A Florida state legislator is proposing a new, unusual route to narrow the nation's jobs crisis.
The Palm Beach Post reports that Rep. Ritch Workman (R) is spearheading an effort to repeal a longstanding ban on "dwarf-tossing" -- a bar fad in which individuals of small stature are thrown around for entertainment purposes.
"I'm on a quest to seek and destroy unnecessary burdens on the freedom and liberties of people," he told the paper. "This is an example of Big Brother government."
The ban dates back to Oct. 1, 1989, when Florida enacted a statute prohibiting businesses from "undertaking or permitting any contest or promotion or other form of recreational activity involving exploitation endangering the health, safety, and welfare of any person with dwarfism."
Almost a quarter-century later, Workman describes this principle as "archaic," telling the Florida Current: "All we really did by passing that law was take away some employment from some little people."
Workman turned his talk into action on Monday, filing a bill that would repeal "provisions prohibiting beverage licensees maintaining, owning, or operating certain commercial establishments from allowing the exploitation of persons with dwarfism."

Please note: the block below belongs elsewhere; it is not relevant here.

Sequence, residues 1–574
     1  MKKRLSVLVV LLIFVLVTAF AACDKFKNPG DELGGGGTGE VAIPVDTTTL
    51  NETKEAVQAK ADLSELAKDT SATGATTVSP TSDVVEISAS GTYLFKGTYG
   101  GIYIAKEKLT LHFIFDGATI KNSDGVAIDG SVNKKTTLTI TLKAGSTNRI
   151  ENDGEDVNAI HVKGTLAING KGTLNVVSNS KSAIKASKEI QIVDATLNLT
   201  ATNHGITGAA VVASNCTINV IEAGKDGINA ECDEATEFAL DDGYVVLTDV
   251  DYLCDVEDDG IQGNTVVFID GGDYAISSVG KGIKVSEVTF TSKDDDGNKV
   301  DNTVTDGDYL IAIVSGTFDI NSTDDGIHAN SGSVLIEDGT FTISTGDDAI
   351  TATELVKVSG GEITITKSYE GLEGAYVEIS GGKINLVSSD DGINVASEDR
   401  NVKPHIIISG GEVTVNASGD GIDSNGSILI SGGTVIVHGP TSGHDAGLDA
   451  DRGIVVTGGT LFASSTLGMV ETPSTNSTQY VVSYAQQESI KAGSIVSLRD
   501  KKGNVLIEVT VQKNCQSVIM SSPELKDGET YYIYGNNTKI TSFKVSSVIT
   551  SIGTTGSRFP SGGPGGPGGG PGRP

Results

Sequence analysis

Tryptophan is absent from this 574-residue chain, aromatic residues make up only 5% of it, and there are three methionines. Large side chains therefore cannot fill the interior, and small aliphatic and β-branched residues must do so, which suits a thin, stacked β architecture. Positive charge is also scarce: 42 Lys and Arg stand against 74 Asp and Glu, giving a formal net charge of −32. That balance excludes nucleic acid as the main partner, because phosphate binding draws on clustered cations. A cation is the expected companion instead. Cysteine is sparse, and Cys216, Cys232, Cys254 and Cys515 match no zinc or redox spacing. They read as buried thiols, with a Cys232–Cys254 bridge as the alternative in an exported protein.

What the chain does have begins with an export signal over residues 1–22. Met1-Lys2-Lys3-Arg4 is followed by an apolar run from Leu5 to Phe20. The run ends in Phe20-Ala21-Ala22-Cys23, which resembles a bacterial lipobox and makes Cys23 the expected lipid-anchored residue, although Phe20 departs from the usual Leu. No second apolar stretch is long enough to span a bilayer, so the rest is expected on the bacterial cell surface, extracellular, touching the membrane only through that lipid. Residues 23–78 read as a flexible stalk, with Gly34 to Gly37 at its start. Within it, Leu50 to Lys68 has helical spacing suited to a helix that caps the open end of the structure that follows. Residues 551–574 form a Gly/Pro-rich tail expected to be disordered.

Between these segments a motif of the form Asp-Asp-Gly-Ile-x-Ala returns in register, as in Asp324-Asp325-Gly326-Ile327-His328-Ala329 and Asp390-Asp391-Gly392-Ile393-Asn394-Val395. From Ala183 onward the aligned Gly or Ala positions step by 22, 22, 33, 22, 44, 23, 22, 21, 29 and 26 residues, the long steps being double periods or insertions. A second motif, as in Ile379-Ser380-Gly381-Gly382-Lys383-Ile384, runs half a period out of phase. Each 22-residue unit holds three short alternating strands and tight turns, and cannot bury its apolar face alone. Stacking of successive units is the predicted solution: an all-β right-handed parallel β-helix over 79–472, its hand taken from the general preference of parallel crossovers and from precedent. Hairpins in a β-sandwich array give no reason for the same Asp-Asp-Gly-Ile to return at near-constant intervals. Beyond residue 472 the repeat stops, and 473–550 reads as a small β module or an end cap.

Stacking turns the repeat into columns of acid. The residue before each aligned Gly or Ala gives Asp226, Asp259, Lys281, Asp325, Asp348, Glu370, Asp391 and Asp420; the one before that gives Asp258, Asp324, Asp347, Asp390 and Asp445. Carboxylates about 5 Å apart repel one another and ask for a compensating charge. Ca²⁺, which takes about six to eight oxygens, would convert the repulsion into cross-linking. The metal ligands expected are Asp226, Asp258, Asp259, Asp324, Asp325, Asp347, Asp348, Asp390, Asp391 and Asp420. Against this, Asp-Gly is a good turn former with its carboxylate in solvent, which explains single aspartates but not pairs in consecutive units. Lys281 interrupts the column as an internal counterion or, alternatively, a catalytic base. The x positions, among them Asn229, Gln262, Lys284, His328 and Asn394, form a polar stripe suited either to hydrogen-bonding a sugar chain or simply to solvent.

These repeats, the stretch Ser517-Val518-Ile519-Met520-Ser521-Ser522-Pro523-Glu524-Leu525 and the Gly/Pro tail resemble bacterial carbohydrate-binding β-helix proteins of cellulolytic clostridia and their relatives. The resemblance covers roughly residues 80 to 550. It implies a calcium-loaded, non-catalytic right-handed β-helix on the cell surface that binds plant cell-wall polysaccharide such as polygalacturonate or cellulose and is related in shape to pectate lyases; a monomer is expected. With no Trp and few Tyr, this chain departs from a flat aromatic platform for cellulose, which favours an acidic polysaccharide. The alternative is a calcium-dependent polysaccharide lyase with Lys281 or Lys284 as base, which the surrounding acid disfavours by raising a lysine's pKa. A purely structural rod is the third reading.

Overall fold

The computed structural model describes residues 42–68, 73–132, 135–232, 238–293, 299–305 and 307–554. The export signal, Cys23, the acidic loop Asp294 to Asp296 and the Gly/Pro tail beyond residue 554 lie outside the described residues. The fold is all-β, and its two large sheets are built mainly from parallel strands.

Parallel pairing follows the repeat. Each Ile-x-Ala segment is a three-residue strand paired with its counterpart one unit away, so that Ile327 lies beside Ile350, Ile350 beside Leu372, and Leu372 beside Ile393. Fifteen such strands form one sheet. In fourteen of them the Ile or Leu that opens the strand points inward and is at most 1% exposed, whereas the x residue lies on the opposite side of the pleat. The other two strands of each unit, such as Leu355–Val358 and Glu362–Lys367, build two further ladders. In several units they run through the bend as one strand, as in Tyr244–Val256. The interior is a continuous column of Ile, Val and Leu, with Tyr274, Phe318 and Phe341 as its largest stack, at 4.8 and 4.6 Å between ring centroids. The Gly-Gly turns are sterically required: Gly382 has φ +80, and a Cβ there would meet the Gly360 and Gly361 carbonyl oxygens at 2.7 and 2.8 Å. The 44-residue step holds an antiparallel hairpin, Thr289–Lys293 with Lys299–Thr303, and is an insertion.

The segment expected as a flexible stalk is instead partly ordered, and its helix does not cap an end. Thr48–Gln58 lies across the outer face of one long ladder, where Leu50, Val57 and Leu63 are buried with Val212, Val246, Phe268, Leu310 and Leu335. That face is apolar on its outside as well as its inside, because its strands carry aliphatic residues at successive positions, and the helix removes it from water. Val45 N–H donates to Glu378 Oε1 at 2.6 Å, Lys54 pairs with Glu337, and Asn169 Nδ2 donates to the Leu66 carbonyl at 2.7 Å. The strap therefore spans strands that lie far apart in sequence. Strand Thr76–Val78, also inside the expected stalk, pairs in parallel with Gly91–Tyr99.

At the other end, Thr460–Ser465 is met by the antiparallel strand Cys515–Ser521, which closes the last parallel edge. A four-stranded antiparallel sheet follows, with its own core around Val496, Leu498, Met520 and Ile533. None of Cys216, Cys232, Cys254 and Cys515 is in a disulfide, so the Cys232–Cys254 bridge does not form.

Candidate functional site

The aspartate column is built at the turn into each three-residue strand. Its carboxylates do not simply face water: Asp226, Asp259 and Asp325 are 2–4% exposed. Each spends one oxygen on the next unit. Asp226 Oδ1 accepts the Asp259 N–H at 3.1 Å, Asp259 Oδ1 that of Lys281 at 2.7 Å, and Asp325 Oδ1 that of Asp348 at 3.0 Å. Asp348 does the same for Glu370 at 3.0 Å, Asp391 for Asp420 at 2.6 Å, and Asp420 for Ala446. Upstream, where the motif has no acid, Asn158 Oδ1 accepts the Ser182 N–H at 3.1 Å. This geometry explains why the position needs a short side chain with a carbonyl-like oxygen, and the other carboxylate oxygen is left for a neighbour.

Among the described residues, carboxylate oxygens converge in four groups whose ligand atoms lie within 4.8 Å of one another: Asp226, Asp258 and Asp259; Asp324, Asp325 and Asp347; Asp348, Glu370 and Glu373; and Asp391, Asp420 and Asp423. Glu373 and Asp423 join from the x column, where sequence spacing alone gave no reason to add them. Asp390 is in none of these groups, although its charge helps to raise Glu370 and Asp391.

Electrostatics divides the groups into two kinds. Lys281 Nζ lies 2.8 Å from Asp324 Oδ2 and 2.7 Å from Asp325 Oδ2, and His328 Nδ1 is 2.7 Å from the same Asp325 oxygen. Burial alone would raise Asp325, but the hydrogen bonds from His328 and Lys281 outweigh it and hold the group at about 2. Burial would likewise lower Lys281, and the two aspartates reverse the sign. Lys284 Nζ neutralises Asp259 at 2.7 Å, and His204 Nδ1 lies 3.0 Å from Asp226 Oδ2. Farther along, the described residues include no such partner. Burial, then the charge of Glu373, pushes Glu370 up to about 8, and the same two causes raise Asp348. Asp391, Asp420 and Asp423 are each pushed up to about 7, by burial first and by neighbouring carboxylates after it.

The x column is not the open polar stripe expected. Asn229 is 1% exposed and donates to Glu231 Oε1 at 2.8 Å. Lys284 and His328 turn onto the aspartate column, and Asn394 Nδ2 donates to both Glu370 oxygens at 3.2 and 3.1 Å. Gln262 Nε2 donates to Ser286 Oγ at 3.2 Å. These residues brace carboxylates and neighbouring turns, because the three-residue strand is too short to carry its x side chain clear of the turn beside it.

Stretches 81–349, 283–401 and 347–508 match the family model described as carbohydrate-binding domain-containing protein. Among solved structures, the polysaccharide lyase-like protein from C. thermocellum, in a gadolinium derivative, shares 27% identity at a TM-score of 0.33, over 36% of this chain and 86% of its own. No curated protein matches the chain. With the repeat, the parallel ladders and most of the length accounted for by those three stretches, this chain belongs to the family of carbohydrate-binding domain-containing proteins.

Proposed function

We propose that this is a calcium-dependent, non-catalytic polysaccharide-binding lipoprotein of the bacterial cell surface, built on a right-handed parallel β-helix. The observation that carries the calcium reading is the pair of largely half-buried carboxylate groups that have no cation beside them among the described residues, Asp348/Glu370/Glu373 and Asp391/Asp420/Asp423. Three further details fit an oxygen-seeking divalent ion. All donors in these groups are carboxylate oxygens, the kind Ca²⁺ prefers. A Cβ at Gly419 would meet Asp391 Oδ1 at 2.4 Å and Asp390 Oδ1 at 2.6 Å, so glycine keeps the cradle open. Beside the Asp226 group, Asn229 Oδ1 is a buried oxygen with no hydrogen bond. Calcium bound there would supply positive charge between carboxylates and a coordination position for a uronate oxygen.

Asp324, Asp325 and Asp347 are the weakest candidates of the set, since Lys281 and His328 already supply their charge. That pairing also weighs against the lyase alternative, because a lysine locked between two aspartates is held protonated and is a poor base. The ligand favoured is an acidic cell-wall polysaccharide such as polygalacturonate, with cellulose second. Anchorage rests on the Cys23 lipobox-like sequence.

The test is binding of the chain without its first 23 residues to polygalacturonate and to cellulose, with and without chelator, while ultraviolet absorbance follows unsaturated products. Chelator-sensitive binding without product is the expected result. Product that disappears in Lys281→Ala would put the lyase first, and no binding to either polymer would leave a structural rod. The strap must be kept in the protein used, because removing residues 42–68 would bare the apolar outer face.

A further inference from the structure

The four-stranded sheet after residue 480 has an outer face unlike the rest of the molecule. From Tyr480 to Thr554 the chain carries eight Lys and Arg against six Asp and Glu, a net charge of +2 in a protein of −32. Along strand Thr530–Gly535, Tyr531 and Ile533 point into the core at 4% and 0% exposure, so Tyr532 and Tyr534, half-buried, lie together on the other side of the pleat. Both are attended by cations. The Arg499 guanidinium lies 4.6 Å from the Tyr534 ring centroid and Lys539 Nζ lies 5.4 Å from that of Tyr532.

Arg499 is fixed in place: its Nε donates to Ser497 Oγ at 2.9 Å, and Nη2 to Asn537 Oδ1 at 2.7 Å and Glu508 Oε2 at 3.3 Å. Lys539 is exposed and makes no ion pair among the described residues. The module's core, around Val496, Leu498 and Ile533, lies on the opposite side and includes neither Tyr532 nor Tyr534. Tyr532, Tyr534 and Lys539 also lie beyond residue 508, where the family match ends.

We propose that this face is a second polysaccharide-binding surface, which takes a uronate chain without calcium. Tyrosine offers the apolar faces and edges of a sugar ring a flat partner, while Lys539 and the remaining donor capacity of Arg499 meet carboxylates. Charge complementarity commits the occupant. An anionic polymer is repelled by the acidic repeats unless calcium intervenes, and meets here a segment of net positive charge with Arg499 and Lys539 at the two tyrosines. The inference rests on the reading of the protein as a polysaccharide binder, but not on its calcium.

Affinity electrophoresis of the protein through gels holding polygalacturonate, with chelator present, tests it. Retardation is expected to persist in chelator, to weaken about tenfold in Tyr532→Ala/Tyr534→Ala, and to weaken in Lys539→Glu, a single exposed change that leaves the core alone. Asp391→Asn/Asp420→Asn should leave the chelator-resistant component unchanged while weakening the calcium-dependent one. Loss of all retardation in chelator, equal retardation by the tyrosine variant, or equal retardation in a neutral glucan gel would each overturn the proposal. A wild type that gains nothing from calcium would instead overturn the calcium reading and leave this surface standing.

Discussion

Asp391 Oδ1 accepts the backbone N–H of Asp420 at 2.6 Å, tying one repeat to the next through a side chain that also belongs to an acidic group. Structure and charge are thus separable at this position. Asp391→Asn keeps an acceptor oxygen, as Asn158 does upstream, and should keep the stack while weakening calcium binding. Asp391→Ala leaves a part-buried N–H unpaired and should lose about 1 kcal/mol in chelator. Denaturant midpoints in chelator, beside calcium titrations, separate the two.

Little People of America, a non-profit group providing support for individuals of short stature and their families, has denounced dwarf-tossing in the past. The group released a statement in 2001, labeling the activity as an event where "the person with dwarfism is objectified and dehumanized in the name of 'entertainment.'"
While Workman's initiative may not resonate with individuals subjected to the show, Florida Gov. Rick Scott appears to support his fellow Republican's wishes. The Broward Palm Beach New Times notes that the rules targeted by Workman are among the 1,000 state laws Scott submitted for repeal last month.
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